The Iranian government, as most people know, is repressive, fundamentalist and it seems, unconcerned even when the international film community is horrified by its attempts to silence its own film makers.
Iranian cinema has had to operate under a strict Islamic code and all films have to be approved by the ministry of culture before they can be made. This has meant that filmmakers have adopted unusual approaches to narrative cinema, giving a specific feel that may be unique to Iranian films.
There are many within the Iranian film community who have had to leave the country, others are currently imprisoned, many are simply not given permission to make any films and some have draconian lengthy bans enforced upon them.
The best known of these is Jafar Panahi, he is currently banned from film making, screenplay writing, meeting with foreign journalists or even leaving the country for 20 years and is waiting to see if the appeal court uphold his 6 year prison sentence.
His most recent film “This is not a film” was smuggled out of Iran in a cake and attempts to follow the letter of the law of his many bans whilst creating something true and real.
His films are extra-ordinary, often using real people to re-enact events from their lives.
Jafar Panahi (Persian: جعفر پناهی ; born 11 July 1960) is an Iranian film director, screenwriter and film editor most commonly associated with the Iranian New Wave film movement. After several years of making short films and working as an assistant director for fellow Iranian filmmaker Abbas Kiarostami, Panahi first achieved international recognition with his feature film debut The White Balloon in 1995. The film won the Caméra d’Or at the 1995 Cannes Film Festival, which was the first major award won by an Iranian film at Cannes. Panahi was quickly recognized as one of the most influential filmmakers in Iran. Although his films were often banned in his own country, he continued to receive international acclaim from film theorists and critics and has won numerous awards, including the Golden Leopard at the 1997 Locarno International Film Festival for The Mirror, the Golden Lion at the 2000 Venice Film Festival for The Circle and the Silver Bear for Best Director at the 2006 Berlin Film Festival for Offside. His films are known for their humanistic perspective on life in Iran, often focusing on the hardships of children, the impoverished and women. Author Hamid Dabashi has said that “Panahi does not do as he is told — in fact he has made a successful career in not doing as he is told.”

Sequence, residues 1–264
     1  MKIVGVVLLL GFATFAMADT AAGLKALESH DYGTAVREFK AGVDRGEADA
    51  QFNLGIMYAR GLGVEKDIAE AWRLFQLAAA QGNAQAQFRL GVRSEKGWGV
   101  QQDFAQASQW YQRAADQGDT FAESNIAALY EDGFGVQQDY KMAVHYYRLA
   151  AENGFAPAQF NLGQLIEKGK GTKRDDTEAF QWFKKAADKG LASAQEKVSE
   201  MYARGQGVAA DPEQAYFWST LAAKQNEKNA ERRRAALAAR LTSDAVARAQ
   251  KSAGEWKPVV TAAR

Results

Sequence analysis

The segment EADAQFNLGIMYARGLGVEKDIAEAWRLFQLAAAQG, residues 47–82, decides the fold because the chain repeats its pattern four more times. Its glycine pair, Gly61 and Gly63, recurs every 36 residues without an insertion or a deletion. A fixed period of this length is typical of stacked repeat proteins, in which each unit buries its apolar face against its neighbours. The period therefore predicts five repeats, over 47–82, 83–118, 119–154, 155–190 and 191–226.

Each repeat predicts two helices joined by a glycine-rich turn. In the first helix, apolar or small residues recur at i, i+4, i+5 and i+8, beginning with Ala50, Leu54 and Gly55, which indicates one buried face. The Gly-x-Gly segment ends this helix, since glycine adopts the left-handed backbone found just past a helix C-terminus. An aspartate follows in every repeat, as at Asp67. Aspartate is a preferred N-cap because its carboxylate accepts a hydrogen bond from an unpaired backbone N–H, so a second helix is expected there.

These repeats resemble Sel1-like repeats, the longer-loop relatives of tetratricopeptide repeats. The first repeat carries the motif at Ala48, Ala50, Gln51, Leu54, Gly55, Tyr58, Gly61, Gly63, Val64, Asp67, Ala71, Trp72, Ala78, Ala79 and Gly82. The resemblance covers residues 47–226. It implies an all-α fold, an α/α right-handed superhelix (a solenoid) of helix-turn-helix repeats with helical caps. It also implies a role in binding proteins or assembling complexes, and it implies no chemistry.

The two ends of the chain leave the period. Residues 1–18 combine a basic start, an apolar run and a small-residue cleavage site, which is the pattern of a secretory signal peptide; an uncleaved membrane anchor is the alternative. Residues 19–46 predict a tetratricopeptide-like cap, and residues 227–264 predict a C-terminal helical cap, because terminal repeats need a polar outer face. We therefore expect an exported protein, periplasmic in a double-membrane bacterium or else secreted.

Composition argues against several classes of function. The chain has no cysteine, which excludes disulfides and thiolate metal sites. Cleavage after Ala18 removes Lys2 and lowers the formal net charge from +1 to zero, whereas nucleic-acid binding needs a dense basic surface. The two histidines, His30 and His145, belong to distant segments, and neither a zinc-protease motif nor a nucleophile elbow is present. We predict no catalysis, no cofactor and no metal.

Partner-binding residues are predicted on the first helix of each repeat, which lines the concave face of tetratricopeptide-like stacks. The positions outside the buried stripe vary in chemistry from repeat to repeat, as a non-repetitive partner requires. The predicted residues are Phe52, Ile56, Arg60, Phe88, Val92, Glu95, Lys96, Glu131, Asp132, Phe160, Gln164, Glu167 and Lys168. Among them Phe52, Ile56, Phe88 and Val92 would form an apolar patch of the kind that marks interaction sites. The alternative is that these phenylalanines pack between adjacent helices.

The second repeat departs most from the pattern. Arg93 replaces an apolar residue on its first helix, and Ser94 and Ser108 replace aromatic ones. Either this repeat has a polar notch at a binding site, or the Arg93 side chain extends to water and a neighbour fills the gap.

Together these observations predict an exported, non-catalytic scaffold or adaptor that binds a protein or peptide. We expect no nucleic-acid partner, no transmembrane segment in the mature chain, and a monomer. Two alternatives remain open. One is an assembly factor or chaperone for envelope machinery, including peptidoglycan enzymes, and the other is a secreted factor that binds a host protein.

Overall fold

After several years of conflict with the Iranian government over the content of his films (including several short-term arrests), Panahi was arrested in March 2010 along with his wife, daughter and 15 friends and was later charged with committing propaganda against the Iranian government. Despite support from filmmakers, film organizations and human rights organizations from around the world, in December 2010 Panahi was sentenced to a six-year jail sentence and a 20-year ban on directing any movies, writing screenplays, giving any form of interview with Iranian or foreign media and from leaving the country. This led to Panahi’s last film to date: This Is Not a Film, a documentary feature in the form of a video diary that was made despite of the legal ramifications of Panahi’s arrest. It was smuggled out of Iran in a Flash-Drive hidden inside a cake and was screened at the 2011 Cannes Film Festival.
He is currently one of Amnesty Internationals’ high profile prisoners of conscience
Filmmaker Sentenced to Six Years in Prison
Jafar Panahi is an internationally celebrated film director who won the coveted “Golden Lion” prize at the Venice Film Festival for his 2000 film Dayareh (“Circle”).
Panahi has been sentenced to six years in prison plus a twenty-year ban on all his artistic activities—including film making, writing scripts, traveling abroad and speaking with media.
Panahi was convicted of “propaganda against the state” for having exercised his right to peaceful freedom of expression through his film-making and political activism. He was specifically accused of making an anti-government film without permission and inciting opposition protests after the disputed 2009 presidential election. Panahi’s artistic collaborator, Mohammad Rasoulof, was also sentenced to six years in prison. Panahi is not currently in detention but could be forced to report to prison at any time.
Jafar Panahi was detained in Evin Prison in Tehran for nearly three months following his arrest at his home on March 1, 2010.
While in prison he carried out a hunger strike to protest his degrading treatment, including being forced to stand outside in the cold with no clothing. He was invited to be a judge at the Cannes Film Festival in May 2010 but was in detention during the entire festival. His absence was recognized by the presence of an empty chair meant for him in prominent view on the stage throughout the festival.
In the interests of freedom of expression and to try and convince you that this is an important and talented film maker, here are some clips and full length movies.
Jafar Panahi has just won the European Parliaments’ Sakharov Prize for human rights and freedom of thought.
If, like me, you oppose the Iranian governments’ stance on artistic freedoms, please get involved:
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Get involved in the Amnesty International campaign
Buy the mans’ films, most are available on Amazon
Contact him with messages of support, madly, he has a Facebook page.